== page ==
Comments on: Mammy, The Mule and Equally Yoked: Black Women As Tools of the Trade Chronicles, Musings and Debates about Interracial & Intercultural Relationships Tue, 13 Mar 2018 20:35:49 +0000 hourly 1 By: Shawnna Thu, 27 Dec 2012 23:47:32 +0000 From Yahoo Education Dictionary:
Definition of yoke-
“A crossbar with two U-shaped pieces that encircle the necks of a pair of oxen or other draft animals working together.”
As Blanc2 pretty much stated, animals of equal kind or size were yoked together for easier transport.  They were yoked (attached) together so they could be moved easier.  Right now, you wouldn’t yoke (attach) a pit bull with a chihuahua and expect them to get around easily.  One’s size and strength would overpower the other, not to mention they’d both be very miserable and uncomfortable.  
To be equally yoked means to be equally attached.  Can the term possibly mean more than transporting animals?  Can the term possibly mean more than reducing a woman to a mule, (and if she’s just a mule, what does that make the man she’s attached to?)   Of course it does!
Being equally yoked (attached) means aligning yourself with another who complements you, makes your journey easier…(note, I didn’t say easy, cause aint nobody’s journey easy).  Again, to loosely quote Blanc2, aligning yourself with one who allows you “to plow a straight line”.  
The sister who holds herself in high regard and carries herself well will do herself a favor by yoking (attaching) herself to a man who does the same.  Likewise, a down and out DBR woman with the lowest of standards will most likely be right at home with a man in the same situation.

By: Lady A Thu, 27 Dec 2012 23:30:22 +0000 Great read, wish I could post it on some of these forums that consist of said women you mentioned, but I don’t feel like being bothered lol.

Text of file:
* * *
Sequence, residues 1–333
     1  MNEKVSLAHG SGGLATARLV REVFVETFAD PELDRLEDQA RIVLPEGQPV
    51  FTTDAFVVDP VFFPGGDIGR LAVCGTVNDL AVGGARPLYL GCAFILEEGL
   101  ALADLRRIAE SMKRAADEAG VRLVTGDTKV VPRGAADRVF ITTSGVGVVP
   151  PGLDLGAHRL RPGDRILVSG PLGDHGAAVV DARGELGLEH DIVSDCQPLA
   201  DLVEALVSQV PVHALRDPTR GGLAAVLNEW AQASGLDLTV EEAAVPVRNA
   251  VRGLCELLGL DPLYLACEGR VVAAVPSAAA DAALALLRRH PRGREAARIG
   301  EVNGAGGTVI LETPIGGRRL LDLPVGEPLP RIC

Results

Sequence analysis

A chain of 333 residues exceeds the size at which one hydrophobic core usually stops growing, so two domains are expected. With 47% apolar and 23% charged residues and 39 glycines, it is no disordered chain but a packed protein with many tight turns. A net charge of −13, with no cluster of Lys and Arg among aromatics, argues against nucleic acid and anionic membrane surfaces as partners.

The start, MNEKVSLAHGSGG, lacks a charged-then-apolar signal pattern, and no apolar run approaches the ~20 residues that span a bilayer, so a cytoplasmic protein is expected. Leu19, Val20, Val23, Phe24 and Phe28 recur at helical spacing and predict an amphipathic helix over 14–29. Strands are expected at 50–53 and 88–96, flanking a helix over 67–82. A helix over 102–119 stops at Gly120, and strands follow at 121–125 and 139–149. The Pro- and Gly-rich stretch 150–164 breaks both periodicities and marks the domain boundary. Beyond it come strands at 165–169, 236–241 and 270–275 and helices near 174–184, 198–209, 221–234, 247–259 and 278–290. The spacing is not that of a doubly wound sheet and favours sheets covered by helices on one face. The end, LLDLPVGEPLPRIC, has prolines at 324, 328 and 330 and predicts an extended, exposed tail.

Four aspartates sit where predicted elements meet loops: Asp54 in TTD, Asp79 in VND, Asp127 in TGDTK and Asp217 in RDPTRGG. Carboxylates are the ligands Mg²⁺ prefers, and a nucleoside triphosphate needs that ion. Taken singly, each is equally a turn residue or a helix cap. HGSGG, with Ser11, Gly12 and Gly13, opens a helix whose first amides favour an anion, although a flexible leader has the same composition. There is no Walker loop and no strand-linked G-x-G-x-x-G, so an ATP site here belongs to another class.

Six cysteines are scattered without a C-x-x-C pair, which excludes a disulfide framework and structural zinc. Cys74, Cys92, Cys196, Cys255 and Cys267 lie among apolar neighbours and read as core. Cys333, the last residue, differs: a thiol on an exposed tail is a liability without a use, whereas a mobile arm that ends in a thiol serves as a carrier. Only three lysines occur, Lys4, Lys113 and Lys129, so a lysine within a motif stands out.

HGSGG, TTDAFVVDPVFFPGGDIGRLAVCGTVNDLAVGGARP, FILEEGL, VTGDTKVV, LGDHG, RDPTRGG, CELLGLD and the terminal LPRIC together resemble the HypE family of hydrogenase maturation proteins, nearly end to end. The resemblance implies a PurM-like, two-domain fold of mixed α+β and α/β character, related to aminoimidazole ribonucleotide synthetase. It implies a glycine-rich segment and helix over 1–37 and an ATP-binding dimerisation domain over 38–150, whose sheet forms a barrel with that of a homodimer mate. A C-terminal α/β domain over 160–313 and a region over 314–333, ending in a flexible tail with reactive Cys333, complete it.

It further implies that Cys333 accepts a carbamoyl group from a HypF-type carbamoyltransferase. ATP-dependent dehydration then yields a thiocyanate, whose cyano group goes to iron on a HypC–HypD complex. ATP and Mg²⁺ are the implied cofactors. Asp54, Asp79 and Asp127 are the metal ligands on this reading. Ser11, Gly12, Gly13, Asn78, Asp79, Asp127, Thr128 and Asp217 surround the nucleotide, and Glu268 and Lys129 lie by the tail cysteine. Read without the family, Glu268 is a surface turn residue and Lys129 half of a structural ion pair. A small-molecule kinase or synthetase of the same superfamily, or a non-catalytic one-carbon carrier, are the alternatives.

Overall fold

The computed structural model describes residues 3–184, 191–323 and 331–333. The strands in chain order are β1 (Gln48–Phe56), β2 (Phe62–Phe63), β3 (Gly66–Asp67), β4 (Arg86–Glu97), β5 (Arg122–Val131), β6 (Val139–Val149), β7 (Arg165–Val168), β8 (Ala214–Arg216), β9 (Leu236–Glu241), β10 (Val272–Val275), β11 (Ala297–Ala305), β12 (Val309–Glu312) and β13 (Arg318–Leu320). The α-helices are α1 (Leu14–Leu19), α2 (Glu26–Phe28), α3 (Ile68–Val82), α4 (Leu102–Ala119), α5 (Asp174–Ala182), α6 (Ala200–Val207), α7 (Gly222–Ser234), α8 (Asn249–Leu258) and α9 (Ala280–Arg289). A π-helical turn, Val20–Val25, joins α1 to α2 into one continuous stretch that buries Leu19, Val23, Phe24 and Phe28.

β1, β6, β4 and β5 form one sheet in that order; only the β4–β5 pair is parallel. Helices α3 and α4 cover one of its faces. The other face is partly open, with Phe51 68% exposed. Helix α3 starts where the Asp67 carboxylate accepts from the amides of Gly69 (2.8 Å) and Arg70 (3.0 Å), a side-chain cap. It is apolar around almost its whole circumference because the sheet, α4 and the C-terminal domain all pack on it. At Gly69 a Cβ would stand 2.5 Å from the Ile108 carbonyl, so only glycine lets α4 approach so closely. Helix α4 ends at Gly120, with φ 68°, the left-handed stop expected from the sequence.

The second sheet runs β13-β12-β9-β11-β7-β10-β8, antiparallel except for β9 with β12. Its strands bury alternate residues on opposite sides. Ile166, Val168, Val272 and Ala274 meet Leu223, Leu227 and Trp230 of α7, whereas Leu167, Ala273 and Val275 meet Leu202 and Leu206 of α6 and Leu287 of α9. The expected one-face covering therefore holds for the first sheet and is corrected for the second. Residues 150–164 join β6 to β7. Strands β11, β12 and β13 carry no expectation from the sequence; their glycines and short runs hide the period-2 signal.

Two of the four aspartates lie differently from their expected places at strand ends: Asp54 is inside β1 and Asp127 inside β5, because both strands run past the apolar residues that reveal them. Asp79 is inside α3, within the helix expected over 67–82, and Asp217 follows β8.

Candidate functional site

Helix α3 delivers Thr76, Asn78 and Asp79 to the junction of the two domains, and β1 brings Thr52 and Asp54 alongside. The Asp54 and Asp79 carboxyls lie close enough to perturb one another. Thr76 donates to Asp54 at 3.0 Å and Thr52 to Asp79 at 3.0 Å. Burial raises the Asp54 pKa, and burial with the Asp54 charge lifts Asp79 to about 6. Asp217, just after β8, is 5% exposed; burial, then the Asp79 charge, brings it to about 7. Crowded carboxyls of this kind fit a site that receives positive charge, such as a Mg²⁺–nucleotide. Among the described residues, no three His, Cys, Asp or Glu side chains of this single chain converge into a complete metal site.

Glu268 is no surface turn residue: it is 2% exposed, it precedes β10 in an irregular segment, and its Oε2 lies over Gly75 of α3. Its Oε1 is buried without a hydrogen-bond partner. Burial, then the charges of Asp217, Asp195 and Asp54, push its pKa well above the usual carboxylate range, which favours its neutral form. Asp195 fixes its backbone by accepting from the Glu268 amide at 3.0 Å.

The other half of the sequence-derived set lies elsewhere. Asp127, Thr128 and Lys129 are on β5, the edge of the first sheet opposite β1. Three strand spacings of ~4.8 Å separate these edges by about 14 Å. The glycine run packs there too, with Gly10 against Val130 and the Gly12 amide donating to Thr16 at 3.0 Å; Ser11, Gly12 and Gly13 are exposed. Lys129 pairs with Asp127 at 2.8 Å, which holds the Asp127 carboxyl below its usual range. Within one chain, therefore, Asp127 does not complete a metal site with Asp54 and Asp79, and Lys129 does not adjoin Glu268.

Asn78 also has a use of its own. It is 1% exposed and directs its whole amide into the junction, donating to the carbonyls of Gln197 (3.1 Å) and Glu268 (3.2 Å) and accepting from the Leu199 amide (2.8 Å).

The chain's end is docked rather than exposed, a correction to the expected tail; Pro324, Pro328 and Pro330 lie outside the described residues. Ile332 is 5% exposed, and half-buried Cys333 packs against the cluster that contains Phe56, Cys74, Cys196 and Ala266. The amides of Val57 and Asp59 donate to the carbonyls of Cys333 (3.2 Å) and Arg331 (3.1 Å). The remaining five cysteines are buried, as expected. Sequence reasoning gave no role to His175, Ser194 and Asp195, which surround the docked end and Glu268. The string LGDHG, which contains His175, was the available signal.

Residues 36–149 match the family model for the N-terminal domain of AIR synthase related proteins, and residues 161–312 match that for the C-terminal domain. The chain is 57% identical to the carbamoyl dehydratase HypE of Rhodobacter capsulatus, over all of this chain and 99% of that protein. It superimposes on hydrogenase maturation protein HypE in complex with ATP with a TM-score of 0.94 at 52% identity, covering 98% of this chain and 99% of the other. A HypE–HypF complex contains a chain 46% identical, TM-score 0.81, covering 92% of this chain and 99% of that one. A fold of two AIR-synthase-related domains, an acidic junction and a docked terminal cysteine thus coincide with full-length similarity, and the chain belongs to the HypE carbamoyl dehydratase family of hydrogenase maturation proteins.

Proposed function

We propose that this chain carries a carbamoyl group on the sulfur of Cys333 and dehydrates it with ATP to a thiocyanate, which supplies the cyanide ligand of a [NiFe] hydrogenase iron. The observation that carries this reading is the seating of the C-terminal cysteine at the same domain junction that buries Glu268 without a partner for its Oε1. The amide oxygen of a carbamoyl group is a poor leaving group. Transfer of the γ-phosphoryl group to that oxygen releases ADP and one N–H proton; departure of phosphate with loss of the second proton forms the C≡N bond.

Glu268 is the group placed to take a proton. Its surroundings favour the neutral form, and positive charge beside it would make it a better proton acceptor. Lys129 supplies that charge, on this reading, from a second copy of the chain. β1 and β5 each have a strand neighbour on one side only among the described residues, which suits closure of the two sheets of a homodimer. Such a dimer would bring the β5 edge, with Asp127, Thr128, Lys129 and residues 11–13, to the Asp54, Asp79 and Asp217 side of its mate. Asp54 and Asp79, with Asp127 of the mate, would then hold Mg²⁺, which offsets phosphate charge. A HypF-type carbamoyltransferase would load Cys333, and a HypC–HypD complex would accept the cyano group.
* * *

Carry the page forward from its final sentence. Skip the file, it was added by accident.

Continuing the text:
By: tracyreneejones Thu, 27 Dec 2012 22:36:05 +0000 Yoke and yolk..TWO DIFFERENT WORDS….I’ll be handing out cookies at the end of this writing exercise to anyone who can comprehend that my writing is not standard (I’d die first) nor is every misspelling or misuse of a word ACCIDENTAL. Read my poem titled Active Voice if you need more help understanding this writer’s lack of respect for standard grammar. THIS IS WHY I’M DOPE…. and referring to myself in the third person which is an additional sign of my genius. 🙂

By: dani-BBW Thu, 27 Dec 2012 22:35:55 +0000 @Toni_M I think the “prosperity gospel” movement was an effort to try and correct the idea, stemming back to the Middle Ages, that religion and Christianity meant burden and deprivation, struggle and gloom. In an effort to balance that out, the pendulum swung way too far in the opposite direction, that God wants everyone to be happy (and rich) and if you aren’t, it’s because you’re doing something wrong. I don’t care for either extreme.

By: tracyreneejones Thu, 27 Dec 2012 22:31:17 +0000 @Blanc2 I’ sure everyone who is familiar with the term is aware that its derive from the Bible. Regardless of what the intention of the word/phrase meant its clear that words develop and take on different meanings. Yoke and Yolk are two different words; glad you noticed, I used the same word for my comparison because of the implied meaning. Hope that clears things up.

By: Blanc2 Thu, 27 Dec 2012 22:22:22 +0000 It’s derived from the Bible, I think the book of Corinthians(?).  The phrase has to do with the concept that a Christian person should only marry another Christian person.
In agriculture, a plow pulled by two oxen that are equally yoked will go in a straight line, whereas yoking two unequal animals, such as an ox and a mule, will make plowing in a straight line difficult.
Translating that concept to Christianity, if both members of the couple are Christians, they will be able to move the family in a straight line, on the path of Christ.
The phrase has been over-used and mis-used in recent times, but its origin makes a lot of sense.
The yellow part of an egg is a “yolk”, not a “yoke”.  Different etymology.